1.17 Our provisional analysis suggests that, in general, all of the options set out above could be justified in a cost-benefit analysis. We intend to conduct further work to develop our view of the costs and benefits associated with each option and we invite stakeholders’ views and evidence on this. In this consultation, we also set out the way in which we intend to proceed with further work and stakeholder engagement over the coming months. We will refine the specification of each alternative and develop our understanding of the costs and benefits associated with each option. Taken together, this evidence will be used to inform our decision.
1.18 Following consultation, in the event that we decide that it is appropriate to intervene to address the consumer harm identified, the likely route will be through a modification to GC18.
1.19 Of particular relevance to this review, as highlighted above, is the European Commission’s (“the Commission”) proposals for one working day porting across the EU. The current MNP arrangements may not be aligned with the Commission’s proposed requirements for number portability, which, if passed, are likely to require implementation by EU Member States during 2011. We have therefore taken into consideration whether the options we have proposed are likely to be consistent with the Commission’s proposals.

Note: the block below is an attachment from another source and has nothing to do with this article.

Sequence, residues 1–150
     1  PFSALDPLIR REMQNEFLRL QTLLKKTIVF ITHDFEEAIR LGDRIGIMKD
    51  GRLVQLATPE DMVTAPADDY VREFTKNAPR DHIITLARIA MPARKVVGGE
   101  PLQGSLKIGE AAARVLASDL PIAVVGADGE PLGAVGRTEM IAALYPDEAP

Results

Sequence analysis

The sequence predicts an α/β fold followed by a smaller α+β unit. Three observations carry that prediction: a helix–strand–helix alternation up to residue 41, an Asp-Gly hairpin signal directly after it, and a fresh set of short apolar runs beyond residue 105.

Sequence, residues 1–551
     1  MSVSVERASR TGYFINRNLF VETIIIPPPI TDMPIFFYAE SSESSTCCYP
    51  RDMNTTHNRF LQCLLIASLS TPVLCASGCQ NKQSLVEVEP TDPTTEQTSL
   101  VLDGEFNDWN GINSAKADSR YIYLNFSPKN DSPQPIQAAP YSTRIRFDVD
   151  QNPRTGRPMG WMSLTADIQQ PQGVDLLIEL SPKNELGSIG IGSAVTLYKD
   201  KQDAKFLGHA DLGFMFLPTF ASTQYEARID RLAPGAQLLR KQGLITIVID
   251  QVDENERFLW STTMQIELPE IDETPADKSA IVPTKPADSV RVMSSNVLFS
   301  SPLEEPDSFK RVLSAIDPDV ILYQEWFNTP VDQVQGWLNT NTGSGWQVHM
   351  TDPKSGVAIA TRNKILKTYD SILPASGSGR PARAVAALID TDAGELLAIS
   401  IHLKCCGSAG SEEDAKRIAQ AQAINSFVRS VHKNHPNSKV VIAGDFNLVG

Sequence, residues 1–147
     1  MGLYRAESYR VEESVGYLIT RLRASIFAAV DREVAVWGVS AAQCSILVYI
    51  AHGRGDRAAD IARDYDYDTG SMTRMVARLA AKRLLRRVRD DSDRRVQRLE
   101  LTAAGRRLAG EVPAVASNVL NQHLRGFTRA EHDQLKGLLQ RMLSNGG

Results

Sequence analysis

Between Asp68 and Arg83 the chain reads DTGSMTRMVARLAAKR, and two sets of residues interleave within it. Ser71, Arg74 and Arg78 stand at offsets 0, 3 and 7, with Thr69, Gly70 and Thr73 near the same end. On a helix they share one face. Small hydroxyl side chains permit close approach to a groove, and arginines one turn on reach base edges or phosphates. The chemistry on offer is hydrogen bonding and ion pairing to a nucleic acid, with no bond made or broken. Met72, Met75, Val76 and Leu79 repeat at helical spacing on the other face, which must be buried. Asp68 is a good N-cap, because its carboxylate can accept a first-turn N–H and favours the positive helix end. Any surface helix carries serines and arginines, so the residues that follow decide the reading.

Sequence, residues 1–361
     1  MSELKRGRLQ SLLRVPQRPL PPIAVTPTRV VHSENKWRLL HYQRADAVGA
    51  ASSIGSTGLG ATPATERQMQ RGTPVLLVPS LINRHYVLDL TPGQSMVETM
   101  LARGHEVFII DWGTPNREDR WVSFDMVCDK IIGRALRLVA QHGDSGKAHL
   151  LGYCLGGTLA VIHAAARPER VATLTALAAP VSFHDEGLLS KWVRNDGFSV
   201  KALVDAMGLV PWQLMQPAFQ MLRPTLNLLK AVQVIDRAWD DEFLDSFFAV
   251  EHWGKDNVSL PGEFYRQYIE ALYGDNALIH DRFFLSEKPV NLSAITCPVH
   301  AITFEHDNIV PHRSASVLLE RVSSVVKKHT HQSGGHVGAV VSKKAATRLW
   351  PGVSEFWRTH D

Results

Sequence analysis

1.20 Some consumers find it difficult to get a PAC as quickly as they would like. In some cases it appears that mobile providers may be engaging in conduct that may constitute a contravention of General Condition 18.1 (“GC 18.1”), which sets out the rules for MNP, by not providing number portability as soon as reasonably practicable on reasonable terms. We have initiated a pre-enforcement programme to monitor MNO compliance with GC18.1 and to address the consumer harm that is currently being experienced(-4-). If compliance remains unacceptably poor, we will consider further action, including formal enforcement against providers and/or more prescriptive rules on the issuing of PACs.